Foodborne Botulism

August 14 20:22 2019 Print This Article

Foodborne botulism is a serious paralytic illness caused by a nerve toxin produced by the bacterium Clostridium botulinum. (A toxin is a poison that is released by some bacteria and viruses). It is caused by eating foods that contain the botulism toxin. It often involves improperly processed home canned foods. Botulism in infants under one year of age has been associated with the intake of contaminated honey. Wound botulism occurs when Clostridium botulinum spores contaminate a wound and produce toxin.

There are seven recognized types of botulism. Four of these (types A, B, E and rarely F) cause human botulism. Types C, D and E cause illness in mammals, birds and fish. The sporulated form of the bacterium is commonly found in soils, aquatic sediments and fish. The spores are heat-resistant. Under anaerobic conditions, botulinum spores can germinate, and the bacterium grow and produce the toxin. Ingestion of the toxin present in improperly prepared food is dangerous and may be fatal. Botulism is mainly a foodborne intoxication but it can also be transmitted through wound infections or intestinal infection in infants.

There are three kinds of botulism: foodborne, infant and wound. Foodborne botulism occurs when foods that contain the botulism toxin are ingested. Wound botulism is caused by toxin produced from a wound infected with Clostridium botulinum. Infants and adults develop a type of botulism by consuming the spores of the botulinum bacteria, which then grow in the intestines and release toxin.

Causes of Foodborne Botulism

Botulism is caused by toxin produced by Clostridium botulinum bacteria. This toxin affects your nerves and, if untreated, can cause paralysis and respiratory failure. C. botulinum toxin is one of the most powerful toxins known in nature. Exposure to the toxin, particularly in an aerosolized (spray) form, can be fatal. C. botulinum has been made into weapons by rogue states and is a focus of current efforts to counter bioterrorism.

Find common causes and risk factors of Foodborne Botulism:

  • The causes of food-borne botulism may be home-canned foods that are low in acid, like green beans, corn and beets.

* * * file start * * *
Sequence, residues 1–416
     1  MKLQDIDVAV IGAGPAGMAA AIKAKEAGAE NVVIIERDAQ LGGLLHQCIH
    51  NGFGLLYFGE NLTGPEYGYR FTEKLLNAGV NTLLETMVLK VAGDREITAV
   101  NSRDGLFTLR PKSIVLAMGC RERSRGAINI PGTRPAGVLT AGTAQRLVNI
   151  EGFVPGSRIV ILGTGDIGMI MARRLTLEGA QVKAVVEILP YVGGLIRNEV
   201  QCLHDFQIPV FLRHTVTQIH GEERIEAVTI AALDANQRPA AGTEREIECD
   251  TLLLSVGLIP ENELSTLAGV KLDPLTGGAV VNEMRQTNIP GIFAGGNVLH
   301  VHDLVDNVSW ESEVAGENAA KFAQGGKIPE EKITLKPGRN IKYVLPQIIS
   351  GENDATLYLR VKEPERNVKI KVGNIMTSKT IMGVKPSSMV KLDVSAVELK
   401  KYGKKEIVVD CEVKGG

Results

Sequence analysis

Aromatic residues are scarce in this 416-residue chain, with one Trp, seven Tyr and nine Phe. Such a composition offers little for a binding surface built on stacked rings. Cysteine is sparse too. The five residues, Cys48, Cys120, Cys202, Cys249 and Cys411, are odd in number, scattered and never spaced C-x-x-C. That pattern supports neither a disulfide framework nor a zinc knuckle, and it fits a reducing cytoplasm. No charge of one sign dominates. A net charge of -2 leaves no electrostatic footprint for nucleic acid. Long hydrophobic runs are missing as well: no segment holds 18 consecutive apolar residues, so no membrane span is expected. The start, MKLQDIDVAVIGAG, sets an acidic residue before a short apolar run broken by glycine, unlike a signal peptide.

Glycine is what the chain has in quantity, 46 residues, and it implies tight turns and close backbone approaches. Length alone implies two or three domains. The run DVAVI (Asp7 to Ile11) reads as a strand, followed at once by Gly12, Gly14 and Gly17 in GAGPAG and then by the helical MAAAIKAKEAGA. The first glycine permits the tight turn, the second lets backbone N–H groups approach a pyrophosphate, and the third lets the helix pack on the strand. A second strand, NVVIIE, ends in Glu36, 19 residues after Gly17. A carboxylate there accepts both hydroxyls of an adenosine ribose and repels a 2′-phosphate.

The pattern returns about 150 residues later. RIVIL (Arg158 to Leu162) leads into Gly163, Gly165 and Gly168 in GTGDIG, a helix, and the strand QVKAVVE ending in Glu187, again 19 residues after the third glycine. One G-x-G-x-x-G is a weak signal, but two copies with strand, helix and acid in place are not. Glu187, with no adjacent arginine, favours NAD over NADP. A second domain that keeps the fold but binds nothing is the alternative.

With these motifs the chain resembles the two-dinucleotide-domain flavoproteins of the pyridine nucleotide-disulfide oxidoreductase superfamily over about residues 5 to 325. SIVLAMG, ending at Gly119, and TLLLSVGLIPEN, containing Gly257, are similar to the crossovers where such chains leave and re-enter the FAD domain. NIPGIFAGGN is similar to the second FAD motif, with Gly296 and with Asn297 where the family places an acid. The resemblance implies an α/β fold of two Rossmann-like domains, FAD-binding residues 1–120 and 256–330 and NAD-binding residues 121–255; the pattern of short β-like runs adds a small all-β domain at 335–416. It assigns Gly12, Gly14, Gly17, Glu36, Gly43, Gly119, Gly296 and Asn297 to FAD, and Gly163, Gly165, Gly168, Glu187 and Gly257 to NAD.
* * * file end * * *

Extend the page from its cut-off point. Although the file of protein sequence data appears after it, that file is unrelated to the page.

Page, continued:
• The foods most commonly contaminated are home-canned vegetables, cured pork and ham, smoked or raw fish, and honey or corn syrup.
  • The most common cause of infant botulism is¬†eating honey or corn syrup.
  • A wound becomes infected with the bacteria (rare in the US). The toxin then travels to other parts of the body through the bloodstream.
  • If an infant swallows C botulinum spores, they will grow in the baby’s body and produce the toxin. Unlike adults and older children, infants become sick from toxin produced by bacteria growing in their own intestines.

Signs and Symptoms of Foodborne Botulism

Foodborne botulism typically begins with blurred or double vision, dry mouth and difficulty swallowing. Vomiting and diarrhea may be present early in the illness. The illness may progress to symmetrical flaccid (floppy) paralysis and may lead to difficulty in breathing.

Sign and symptoms may include the following:

  • Slurred speech.
  • Constipation.
  • Difficulty swallowing.
  • Double vision and drooping eyelids.
  • Vomiting.
  • Dry mouth.
  • General weakness.
  • Abdominal cramps.
  • Sore throat.

Treatment for Foodborne Botulism

Treatment may include:

  • The goal of botulism treatment is to establish a clear airway, aid breathing, give botulinus anti-toxin, and provide supportive therapy.
  • If breathing difficulty develops, intubation (a tube inserted through the nose or mouth into the trachea to provide an airway for oxygen) and mechanical ventilation are given.
  • In the case of botulism, patients should be hospitalized immediately and regularly monitored.
  • Patients suffering from wound botulism should receive equine antibiotics such as penicillin. If you’re having trouble breathing, you will probably need to use a ventilator.
  • Drugs that increase the amount of acetylcholine, such as pyridostigmine may be given.